Let us now mark the lessons conveyed in the sentence of the serpent to our first parents, who were listening and looking on. First. The serpent is styled a mere brute animal. All, then, that seemed to indicate reason as inherent in its nature or acquired by some strange event in its history is thus at once contradicted. Second. It is declared to be lower than any of the other land animals; as being destitute of any members corresponding to feet or hands. Third. It is not interrogated as a rational and accountable being, but treated as a mere dumb brute. Fourth. It is degraded from the airs and attitudes which may have been assumed, when it was possessed by a serpent-like evil spirit, and falls back without a struggle to that place of debasement in the animal kingdom for which it was designed. Fifth. It is fated to be disappointed in its aims at usurpation. It shall bite the dust. Sixth. it is doomed to ultimate and utter defeat in its hostile assaults upon the seed of the woman.

All this must have made a deep impression on our first parents. But two things must have struck them with special force. First, it was now evident how vain and hollow were its pretensions to superior wisdom, and how miserably deluded they had been when they listened to its false insinuations. If, indeed, they had possessed maturity of reflection, and taken time to apply it, they would have been strangely bewildered with the whole scene, now that it was past. How the serpent, from the brute instinct it displayed to Adam when he named the animals, suddenly rose to the temporary exercise of reason and speech, and as suddenly relapsed into its former bestiality, is, to the mere observer of nature, an inexplicable phenomenon. But to Adam, who had as yet too limited an experience to distinguish between natural and preternatural events, and too little development of the reflective power to detect the inconsistency in the appearance of things, the sole object of attention was the shameless presumption of the serpent, and the overwhelming retribution which had fallen upon it; and, consequently, the deplorable folly and wickedness of having been misguided by its suggestions.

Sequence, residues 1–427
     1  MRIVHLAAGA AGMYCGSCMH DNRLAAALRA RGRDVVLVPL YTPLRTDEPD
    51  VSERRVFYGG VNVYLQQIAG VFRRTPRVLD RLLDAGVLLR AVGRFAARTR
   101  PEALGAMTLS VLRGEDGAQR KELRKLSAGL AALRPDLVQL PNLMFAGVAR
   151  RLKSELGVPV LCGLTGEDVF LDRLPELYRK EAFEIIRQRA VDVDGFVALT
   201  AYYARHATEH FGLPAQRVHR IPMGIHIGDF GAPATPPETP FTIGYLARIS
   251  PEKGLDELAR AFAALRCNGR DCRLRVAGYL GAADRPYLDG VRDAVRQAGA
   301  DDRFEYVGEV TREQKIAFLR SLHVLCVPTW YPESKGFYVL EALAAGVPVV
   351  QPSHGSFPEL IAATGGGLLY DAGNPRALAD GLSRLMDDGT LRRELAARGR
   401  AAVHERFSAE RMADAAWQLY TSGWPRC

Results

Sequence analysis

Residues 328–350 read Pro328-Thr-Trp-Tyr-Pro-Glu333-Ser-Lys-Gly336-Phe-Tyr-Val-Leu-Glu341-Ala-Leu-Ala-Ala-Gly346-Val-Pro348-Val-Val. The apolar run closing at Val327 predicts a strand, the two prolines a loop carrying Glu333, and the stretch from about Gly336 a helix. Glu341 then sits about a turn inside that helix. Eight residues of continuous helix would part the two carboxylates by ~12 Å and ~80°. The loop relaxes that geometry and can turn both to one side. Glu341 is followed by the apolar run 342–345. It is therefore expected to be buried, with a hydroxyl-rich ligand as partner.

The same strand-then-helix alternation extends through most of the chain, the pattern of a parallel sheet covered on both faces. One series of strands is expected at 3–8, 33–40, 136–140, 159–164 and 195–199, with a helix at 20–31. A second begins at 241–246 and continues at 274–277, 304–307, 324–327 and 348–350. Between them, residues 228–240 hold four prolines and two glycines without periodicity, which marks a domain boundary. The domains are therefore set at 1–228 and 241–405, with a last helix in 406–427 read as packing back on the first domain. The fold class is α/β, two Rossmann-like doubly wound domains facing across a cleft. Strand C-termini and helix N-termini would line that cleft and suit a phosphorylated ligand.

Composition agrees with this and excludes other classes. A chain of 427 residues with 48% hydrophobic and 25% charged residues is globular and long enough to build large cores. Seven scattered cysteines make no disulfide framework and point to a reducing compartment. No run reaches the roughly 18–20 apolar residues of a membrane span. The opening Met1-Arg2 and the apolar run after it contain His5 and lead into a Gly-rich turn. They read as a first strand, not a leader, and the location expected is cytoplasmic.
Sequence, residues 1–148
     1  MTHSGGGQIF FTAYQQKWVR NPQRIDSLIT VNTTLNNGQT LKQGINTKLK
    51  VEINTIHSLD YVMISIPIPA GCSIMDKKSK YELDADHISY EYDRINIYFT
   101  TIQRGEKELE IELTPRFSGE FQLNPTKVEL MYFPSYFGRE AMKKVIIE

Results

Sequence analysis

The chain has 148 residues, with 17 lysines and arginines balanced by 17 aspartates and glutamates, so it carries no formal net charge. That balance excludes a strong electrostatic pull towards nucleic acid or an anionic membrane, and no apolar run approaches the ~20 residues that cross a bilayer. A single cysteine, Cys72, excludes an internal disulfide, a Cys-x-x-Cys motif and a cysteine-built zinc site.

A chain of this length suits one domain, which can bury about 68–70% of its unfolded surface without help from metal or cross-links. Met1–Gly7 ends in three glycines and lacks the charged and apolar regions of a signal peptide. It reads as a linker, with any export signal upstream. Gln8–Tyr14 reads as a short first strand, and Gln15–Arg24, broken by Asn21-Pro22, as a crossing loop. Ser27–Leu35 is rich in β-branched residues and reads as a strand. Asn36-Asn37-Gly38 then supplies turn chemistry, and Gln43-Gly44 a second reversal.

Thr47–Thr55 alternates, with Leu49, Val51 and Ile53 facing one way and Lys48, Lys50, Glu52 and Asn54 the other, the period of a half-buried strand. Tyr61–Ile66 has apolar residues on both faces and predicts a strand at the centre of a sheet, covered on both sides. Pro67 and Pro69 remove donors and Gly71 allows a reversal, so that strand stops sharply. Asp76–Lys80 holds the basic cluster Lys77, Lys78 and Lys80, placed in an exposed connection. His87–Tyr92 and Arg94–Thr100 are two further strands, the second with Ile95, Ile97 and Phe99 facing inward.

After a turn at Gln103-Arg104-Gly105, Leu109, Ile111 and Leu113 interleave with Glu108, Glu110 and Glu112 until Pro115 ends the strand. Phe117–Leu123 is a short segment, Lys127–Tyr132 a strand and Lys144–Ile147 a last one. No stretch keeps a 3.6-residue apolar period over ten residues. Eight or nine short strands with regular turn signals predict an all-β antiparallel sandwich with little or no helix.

A second thing, however, was still more striking to the mind of man in the sentence of the serpent; namely, the enmity that was to be put between the serpent and the woman. Up to a certain point there had been concord and alliance between these two parties. But, on the very opening of the heavenly court, we learn that the friendly connection had been broken. For the woman said, "The serpent beguiled me, and I did eat." This expression indicates that the woman was no longer at one with the serpent. She was now sensible that its part had been that, not of friendship, but of guile, and therefore of the deepest and darkest hostility. When God, therefore, said, "I will put enmity between thee and the woman," this revulsion of feeling on her part, in which Adam no doubt joined, was acknowledged and approved. Enmity with the enemy of God indicated a return to friendship with God, and presupposed incipient feelings of repentance toward him, and reviving confidence in his word. The perpetuation of this enmity is here affirmed, in regard not only to the woman, but to her seed. This prospect of seed, and of a godly seed, at enmity with evil, became a fountain of hope to our first parents, and confirmed every feeling of returning reverence for God which was beginning to spring up in their breast. The word heard from the mouth of God begat faith in their hearts, and we shall find that this faith was not slow to manifest itself in acts.